. and later retired supreme court justice john paul stevens speaks to a conference about gun laws, gun violence and his dissents in the court's cases involving the second amendment. >> c-span brings a special perspective into what's happening in washington, particularly your coverage of the house and the senate. so if something is going on in the house and the senate -- andw something will go on in the next five years, maybe not this7 year -- c-span covers this authoritatively, very, very well, and it's one of the major news sources or news happenings in washington. we're all struggling with what's going to happen with health care. i mean, c-span was the authoritative voice covering what happened with health care. we're worried about the financial system. c-span, again, is the authoritative voice in terms of what the congress is doing or won't do in terms of the financial system. >> ken gun they are watches c-span on comcast. c-span, created by america's cable companies in 1979, brought to you as a public service by your television provider. >> now, a panel discusses the potential eff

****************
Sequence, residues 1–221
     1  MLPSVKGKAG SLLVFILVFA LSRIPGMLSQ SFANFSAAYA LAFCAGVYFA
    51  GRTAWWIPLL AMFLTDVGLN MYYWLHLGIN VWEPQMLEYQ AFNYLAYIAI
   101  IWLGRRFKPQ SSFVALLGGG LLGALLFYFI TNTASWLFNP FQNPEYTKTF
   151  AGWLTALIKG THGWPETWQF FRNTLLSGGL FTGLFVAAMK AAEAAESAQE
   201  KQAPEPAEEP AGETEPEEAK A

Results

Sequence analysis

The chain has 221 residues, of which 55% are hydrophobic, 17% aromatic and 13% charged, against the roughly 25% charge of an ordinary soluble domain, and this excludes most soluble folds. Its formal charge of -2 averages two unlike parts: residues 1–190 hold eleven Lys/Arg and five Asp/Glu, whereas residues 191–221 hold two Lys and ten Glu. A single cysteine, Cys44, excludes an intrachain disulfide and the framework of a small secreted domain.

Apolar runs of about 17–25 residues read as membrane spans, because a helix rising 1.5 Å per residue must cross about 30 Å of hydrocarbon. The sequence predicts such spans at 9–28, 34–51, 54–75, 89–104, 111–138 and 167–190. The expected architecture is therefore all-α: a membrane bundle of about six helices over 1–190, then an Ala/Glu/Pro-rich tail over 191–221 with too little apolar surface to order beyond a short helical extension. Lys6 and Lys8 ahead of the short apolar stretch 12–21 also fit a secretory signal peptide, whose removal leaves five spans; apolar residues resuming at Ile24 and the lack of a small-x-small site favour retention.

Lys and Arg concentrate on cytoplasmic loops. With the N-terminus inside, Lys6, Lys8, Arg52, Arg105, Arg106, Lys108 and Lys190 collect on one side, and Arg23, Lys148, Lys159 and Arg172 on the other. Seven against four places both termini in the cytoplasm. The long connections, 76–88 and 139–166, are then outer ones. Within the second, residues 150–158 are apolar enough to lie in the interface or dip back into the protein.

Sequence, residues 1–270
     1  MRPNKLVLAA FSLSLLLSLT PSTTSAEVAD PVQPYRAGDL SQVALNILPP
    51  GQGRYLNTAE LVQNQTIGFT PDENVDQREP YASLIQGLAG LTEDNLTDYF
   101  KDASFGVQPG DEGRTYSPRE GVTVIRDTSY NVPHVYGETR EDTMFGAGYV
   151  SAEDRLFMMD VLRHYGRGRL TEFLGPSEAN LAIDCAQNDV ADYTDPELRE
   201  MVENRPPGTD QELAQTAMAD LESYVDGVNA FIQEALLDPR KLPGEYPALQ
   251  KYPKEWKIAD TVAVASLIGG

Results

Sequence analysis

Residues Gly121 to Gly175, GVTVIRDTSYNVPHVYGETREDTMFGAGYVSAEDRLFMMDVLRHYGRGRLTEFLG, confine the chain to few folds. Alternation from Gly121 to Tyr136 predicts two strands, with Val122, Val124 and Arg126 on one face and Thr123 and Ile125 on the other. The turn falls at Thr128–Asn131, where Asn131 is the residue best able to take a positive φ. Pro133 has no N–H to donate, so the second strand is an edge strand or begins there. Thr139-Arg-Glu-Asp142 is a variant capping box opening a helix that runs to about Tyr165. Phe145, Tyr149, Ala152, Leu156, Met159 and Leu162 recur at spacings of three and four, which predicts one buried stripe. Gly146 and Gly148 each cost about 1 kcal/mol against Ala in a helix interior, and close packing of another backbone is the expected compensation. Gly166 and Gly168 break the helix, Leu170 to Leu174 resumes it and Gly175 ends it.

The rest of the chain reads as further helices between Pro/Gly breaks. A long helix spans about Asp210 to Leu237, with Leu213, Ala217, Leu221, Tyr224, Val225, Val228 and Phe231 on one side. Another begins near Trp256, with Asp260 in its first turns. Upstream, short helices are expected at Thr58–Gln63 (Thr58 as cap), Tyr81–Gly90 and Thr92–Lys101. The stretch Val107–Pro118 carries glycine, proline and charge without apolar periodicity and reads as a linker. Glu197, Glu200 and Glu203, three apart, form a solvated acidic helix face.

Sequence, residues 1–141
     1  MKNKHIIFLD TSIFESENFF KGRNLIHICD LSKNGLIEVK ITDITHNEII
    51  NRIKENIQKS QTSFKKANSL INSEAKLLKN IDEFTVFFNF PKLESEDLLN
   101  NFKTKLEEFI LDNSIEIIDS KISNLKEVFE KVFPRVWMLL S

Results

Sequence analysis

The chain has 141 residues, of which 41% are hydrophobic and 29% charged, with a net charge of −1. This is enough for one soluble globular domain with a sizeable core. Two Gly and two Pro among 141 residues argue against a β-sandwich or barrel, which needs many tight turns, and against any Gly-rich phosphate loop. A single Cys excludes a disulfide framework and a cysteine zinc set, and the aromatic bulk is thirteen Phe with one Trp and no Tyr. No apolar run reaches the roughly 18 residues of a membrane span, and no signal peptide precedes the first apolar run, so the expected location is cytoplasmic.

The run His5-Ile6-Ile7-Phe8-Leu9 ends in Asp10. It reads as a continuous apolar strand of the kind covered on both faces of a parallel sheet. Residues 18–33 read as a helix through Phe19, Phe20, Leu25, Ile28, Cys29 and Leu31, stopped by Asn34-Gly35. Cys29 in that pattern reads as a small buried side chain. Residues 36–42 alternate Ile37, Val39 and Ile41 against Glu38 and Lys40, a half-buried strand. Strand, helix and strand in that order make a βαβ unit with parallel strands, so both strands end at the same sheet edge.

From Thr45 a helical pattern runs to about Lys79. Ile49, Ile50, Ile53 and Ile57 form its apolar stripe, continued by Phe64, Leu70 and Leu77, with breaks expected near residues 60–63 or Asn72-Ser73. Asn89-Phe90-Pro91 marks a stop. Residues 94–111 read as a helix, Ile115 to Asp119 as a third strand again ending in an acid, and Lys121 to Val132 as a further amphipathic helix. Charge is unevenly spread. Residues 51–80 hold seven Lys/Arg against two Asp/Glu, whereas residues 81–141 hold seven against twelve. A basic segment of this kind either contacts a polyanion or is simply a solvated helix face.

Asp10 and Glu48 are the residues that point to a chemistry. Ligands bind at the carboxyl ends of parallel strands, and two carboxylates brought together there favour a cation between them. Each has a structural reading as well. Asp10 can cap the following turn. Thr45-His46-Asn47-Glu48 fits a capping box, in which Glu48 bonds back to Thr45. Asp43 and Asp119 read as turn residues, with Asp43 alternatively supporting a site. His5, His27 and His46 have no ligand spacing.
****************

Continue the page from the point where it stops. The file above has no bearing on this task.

, but circling around and sniffing. the other part of the opinion, and justice stevens wrote the opinion, saying you don't have any right to have illegal drugs, and all a well-trained dog does is sniff out illegal drugs so there's no privacy vision at all. that instruct me at the time, and since then, this seems too simple. i remember the history of the fourth amendment was the, you know, the british were trying to extract taxes from the american colonies. they passed a series of laws that said we're going to put taxes on molasses and sugar and tea, and them because the americans didn't want to pay the taxes, they'd use british troops to break into warehouses, break into trunks, and search, and that's what led to the fourth amendment, the principle of unreasonable searches. i don't think the american colonists would have been satisfied if the british said, we have dogs, they sniff out -- they can sniff molasses and tea. i don't think the american colonists would have said, fine, break into our warehouses. it's an interesting question about what the fourth amendment really means. i think one of t